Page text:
Libraries start new chapter
A budget crisis in 2007 closed Jackson County’s 15 libraries for six months, unleashing a storm of protest and fueling a community effort to ensure their longterm survival.
That momentum will usher in a series of milestones in 2020 when the library system strives to open for more hours, and the ownership of most of the library buildings will pass from Jackson County and local cities to the library district.
One of the biggest changes for 2020 is the end of a contract with Library Systems and Services, a company that has managed the library system and kept it staffed as part of a cost-cutting effort on the part of Jackson County.
The district oversees library branches in every community in Jackson County, from Shady Cove to the Applegate, and from Rogue River to Ashland. Medford has the largest library in the county.
Library Systems and Services was criticized by the district board over low salaries after the company was taken over by Argosy Private Equity in 2015. The board this year pushed for a $1-an-hour wage hike for employees.
Since it formed, the library district board has wanted to directly pay salaries and benefits for the 100 full-time equivalent positions, potentially providing a better wage or benefits package. The details of the new salary schedule are still being worked out.
“Before we give any raises, we want to know what our fiscal position is going to be,” said Susan Kiefer, district board president. “First we have to figure out what the priorities are, but one of our priorities is to pay our staff well.”
Library Systems is a private company, and it won’t release the salary schedule for its workers, saying it’s proprietary information.
The library district board has been looking at other library systems in the state to get an idea of the salaries that should be paid to its workers. A personnel manual, job descriptions and creation of a human resources department are some of the topics the board has been discussing.
The future of local libraries was cloudy until voters in 2014 approved the district and the property taxes to fund it. The district collects 52 cents per $1,000 of assessed property value, though it can raise it to 60 cents.
The library district’s 2018-19 revenue from property taxes is $10,200,000. The adopted budget for 2018-19 including contingencies, donations, grants, taxes and other sources is $18,721,041. The contract with Library Systems and Services is $5,337,287.
One of the reasons 2020 is a big year is that $39 million in bonds to remodel or build new libraries, passed by voters in 2000, will be paid off. This will allow the county to sign over the buildings to the library district.
However, not all the buildings are owned by the county. Some of them, such as in Ashland, are owned by the city. In some cases, the buildings are owned by the county or city, and the land is owned by someone else.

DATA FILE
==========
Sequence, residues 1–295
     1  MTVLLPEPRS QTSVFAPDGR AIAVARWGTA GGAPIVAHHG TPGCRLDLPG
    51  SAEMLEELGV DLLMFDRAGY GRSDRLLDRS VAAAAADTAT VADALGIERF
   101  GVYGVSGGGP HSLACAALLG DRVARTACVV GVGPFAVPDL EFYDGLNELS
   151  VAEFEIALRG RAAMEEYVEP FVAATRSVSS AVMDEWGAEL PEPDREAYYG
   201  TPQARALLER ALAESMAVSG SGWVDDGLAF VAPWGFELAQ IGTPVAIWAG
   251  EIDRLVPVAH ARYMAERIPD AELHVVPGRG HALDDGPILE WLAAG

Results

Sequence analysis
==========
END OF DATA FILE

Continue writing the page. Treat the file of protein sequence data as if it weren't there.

“We have a bunch of different ownership scenarios,” Kiefer said.
The county will likely continue to perform maintenance on the library buildings, she said.
Jackson County Commissioner Bob Strosser said details still need to be worked out before the libraries are turned over to the library district.
“As far as I know, it’s on track,” he said.
The Board of Commissioners would likely vote to turn over the libraries around the time the bonds are paid off in June 2020.
With the libraries no longer part of the county budget, it has helped improve the financial situation for the county, as well.
“I think it’s been beneficial to all concerned,” Strosser said.
With many buildings now operating for 10 years or more, the library district has set aside money for big-ticket items over the next few years, such as replacement of air conditioning systems and painting.
Cathy Shaw, district board president, said the goal is to have all the buildings under the library district’s control sometime around the end of June 2020.
Another issue is working out a contract with Library Systems and Services to continue administering the software system which handles a number of technical features used by patrons.
An online checkout system allows for downloading electronic books, audio books and other formats for adults and children.
Shaw said it’s too soon to say whether library workers will get raises, a better benefits package or both.
She said the libraries have a fairly high turnover rate, which indicates that salary packages are low and need to be raised.
While the district board doesn’t know salary schedules from Library Systems and Services, Shaw said, “Thirty cents of every dollar retained by them is for profit and overhead.”
With so many unknowns, the library district isn’t sure yet how many extra hours will be added to the schedules of the 15 branches.
“We’ll see what we can do with the hours after we get off LSS,” she said.
Shaw said the district likes to keep enough money aside in case repairs are needed on any of the branches.
“We don’t want to be caught by surprise if any renovations come up,” she said.
Maureen Swift, president of the Friends of the Medford Library and a former library district board member, said the libraries are open more hours now than five years ago, but still not enough for some patrons.
She said the current library board is heading in the right direction to get the control over the library system.
“It’s nice to see it finally happening,” she said.
Reach reporter Damian Mann at 541-776-4476 or email@example.com. Follow him on www.twitter.com/reporterdm.